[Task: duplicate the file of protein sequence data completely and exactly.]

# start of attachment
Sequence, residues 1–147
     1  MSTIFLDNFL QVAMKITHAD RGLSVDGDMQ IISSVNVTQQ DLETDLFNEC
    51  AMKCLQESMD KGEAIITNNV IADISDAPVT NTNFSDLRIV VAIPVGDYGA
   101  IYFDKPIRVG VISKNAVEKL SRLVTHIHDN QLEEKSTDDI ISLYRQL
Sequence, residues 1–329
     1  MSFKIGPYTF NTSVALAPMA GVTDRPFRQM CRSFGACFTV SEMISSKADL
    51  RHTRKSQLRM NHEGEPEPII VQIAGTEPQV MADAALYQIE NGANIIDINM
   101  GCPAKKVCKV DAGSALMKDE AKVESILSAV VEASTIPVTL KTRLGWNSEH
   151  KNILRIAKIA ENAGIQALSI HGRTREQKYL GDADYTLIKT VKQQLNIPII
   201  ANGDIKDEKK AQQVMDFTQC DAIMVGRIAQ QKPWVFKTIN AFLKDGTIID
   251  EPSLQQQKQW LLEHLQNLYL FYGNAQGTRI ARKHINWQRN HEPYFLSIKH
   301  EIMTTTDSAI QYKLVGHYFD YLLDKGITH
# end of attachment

Sequence, residues 1–147
     1  MSTIFLDNFL QVAMKITHAD RGLSVDGDMQ IISSVNVTQQ DLETDLFNEC
    51  AMKCLQESMD KGEAIITNNV IADISDAPVT NTNFSDLRIV VAIPVGDYGA
   101  IYFDKPIRVG VISKNAVEKL SRLVTHIHDN QLEEKSTDDI ISLYRQL
Sequence, residues 1–329
     1  MSFKIGPYTF NTSVALAPMA GVTDRPFRQM CRSFGACFTV SEMISSKADL
    51  RHTRKSQLRM NHEGEPEPII VQIAGTEPQV MADAALYQIE NGANIIDINM
   101  GCPAKKVCKV DAGSALMKDE AKVESILSAV VEASTIPVTL KTRLGWNSEH
   151  KNILRIAKIA ENAGIQALSI HGRTREQKYL GDADYTLIKT VKQQLNIPII
   201  ANGDIKDEKK AQQVMDFTQC DAIMVGRIAQ QKPWVFKTIN AFLKDGTIID
   251  EPSLQQQKQW LLEHLQNLYL FYGNAQGTRI ARKHINWQRN HEPYFLSIKH
   301  EIMTTTDSAI QYKLVGHYFD YLLDKGITH